I never thought I was “good at languages.” I took Spanish classes for four years and liked it, but never felt confident speaking. My parents stopped attempting to teach me Hebrew when I was little because I was stubborn. Even with English, I never had a proper grammar class and often can’t think of the right words to say. German is not easy and I make mistakes all the time, but I love speaking German. I feel motivated to continue learning, especially because I want to return to Vienna.
My last few weeks in Vienna were strange. Even in the last two days I felt like I still had all the time in the world. I process change slowly and my brain has not gotten over jet lag and does not know how different things are yet. That’s okay, I know this about myself.
I spent a good amount of time with two Austrian friends in my last week of being in Vienna. We talked like we always do, some in German and some in English, about the differences and similarities between Austria and the States, Vienna and NYC/Atlanta, family and friends. I went to Berlin for a few days in between my last final exam and my last few days in Vienna. The differences between the two cities are striking. First of all, German German and Austrian German have many distinctions, and there are more specific dialects between the regions. Germans say “Aprikose” for apricot, while Austrians say “Marille.”
Vienna is preserved, even much of what was bombed was rebuilt to look how it was before, like the Staatsoper Haus. The population is generally very relaxed, conservative in clothing, organized, and predominantly Catholic.
Berlin felt like Manhattan, which I didn’t anticipate. Glass buildings, modern cafes everywhere, and dirtier subways compared to those of Vienna (which are squeaky clean). The population is younger and more diverse, a result of Germany’s better policy toward refugees, immigrants and anyone seeking to live there. I heard more accents and more languages, not of tourists, but of Berliners.
Vienna is diverse too, but not as much as Berlin. Vienna is liberal too, but not as much as Berlin. Berlin is beautiful too, but not as much as Vienna.
I was most excited to go to Berlin outside of Vienna, and it was very fun to be with one of my friends in a city with so much history and progress, but almost felt too familiar. Again, my tendency to compare dominates. Berlin is very different from New York City, but how different actually?
There’s no question: I loved everywhere I visited, but Vienna has my heart. Signed, sealed, delivered. The history, the present, the people, the social welfare, everything makes sense to me except… smoking. Yes, that’s Vienna’s greatest flaw in my mind. A contradiction to the awareness and promotion of health and environmentalism.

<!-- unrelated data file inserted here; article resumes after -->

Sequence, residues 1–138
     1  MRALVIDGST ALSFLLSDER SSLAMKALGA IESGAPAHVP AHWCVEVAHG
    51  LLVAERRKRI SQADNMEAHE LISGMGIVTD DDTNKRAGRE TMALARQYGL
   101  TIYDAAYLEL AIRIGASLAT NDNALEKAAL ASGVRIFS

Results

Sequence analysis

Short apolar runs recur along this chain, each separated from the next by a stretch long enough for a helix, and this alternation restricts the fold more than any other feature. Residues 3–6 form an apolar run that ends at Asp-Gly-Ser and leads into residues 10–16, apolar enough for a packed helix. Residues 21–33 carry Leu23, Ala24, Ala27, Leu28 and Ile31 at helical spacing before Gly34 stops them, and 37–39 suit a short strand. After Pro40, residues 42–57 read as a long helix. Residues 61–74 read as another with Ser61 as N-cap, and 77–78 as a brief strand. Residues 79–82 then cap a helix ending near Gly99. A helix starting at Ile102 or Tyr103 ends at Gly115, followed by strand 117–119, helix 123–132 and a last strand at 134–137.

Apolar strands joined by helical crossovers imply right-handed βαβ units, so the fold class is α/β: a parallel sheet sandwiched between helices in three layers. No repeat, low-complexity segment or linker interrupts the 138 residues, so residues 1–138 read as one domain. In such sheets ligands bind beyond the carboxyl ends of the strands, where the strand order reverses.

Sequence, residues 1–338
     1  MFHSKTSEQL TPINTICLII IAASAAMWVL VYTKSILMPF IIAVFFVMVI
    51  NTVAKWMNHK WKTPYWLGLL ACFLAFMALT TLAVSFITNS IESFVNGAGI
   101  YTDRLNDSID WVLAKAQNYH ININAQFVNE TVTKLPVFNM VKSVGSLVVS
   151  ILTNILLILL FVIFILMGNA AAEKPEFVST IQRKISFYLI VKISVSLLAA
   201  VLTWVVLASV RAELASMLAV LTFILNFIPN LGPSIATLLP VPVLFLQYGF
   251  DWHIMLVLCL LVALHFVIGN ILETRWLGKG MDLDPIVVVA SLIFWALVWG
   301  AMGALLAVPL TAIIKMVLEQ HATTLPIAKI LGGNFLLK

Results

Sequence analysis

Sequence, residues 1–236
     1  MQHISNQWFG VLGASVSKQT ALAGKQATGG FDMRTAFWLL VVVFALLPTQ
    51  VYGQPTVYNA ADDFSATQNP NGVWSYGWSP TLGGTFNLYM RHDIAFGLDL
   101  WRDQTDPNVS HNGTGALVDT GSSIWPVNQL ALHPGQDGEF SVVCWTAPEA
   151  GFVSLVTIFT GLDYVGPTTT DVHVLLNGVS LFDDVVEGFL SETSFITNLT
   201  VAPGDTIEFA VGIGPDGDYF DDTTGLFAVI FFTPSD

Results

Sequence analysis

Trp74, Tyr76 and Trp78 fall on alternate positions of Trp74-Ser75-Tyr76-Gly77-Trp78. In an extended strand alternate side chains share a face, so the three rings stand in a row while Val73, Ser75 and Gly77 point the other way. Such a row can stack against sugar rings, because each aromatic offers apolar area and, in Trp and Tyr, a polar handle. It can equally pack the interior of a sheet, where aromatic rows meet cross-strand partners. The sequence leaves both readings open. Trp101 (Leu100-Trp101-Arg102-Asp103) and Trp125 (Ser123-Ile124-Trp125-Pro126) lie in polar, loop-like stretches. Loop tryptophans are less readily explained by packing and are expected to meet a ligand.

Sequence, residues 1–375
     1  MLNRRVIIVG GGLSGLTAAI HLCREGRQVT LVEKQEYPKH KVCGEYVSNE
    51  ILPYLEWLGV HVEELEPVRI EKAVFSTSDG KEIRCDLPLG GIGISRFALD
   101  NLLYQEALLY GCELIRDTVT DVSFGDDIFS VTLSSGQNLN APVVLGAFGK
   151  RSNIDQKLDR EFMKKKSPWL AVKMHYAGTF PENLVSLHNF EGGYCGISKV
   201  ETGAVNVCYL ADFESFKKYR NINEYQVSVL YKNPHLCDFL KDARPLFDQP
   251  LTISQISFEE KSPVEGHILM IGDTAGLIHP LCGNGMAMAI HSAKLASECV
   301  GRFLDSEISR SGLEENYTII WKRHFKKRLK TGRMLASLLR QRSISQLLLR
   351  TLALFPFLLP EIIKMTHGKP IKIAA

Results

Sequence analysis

Of course like I have mentioned, racism and xenophobia are still present, and the center right government that has a coalition with the far right is beyond alarming. But the situations in my other two home countries, the USA and Israel, are not necessarily better or worse in my mind. I love the places I identify with while openly criticizing aspects of the culture and government. Nowhere is perfect, but why not live where it feels closest to perfect?
My fantasies of Vienna are not taking away from where I am now. It is strange to be back in New York, but spending time with family and friends has made things a little less strange. I originally envisioned sitting down and pouring out stories of my time from the semester, but that’s not how things naturally happen. I love hearing what my friends and family have been up to recently and in the past months, and as things come up, I talk about a few specific things in Vienna. I don’t want to be that annoying person who can only talk about their semester abroad.
I will be in New York City for a total of about ten days before heading to Atlanta for the summer to do research with Emory. Keeping busy helps me move forward and not dwell on the past. My memories of Vienna are strong and fresh, but I do my best to focus on the present and future. Maintaining a blog has helped me organize my thoughts and is good documentation for me to look back on and reflect in the future.
Vienna will always be there. I will always be me. I know we will meet again.
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Naomi Keusch Baker
<p>As a math and computer science major and music minor at Emory University, my passions range from increasing diversity and inclusion in technology industries to advocating for arts education. I want to combine my skills in STEAM (science, technology, engineering, arts and math) to work toward social justice in my community and beyond. On campus, I am involved in Girls Who Code, the Interdisciplinary Exploration and Scholarship (IDEAS) Fellowship, Refugee Revive, Hillel and the Media, Literature and Arts Outreach (MLAO) themed house.</p>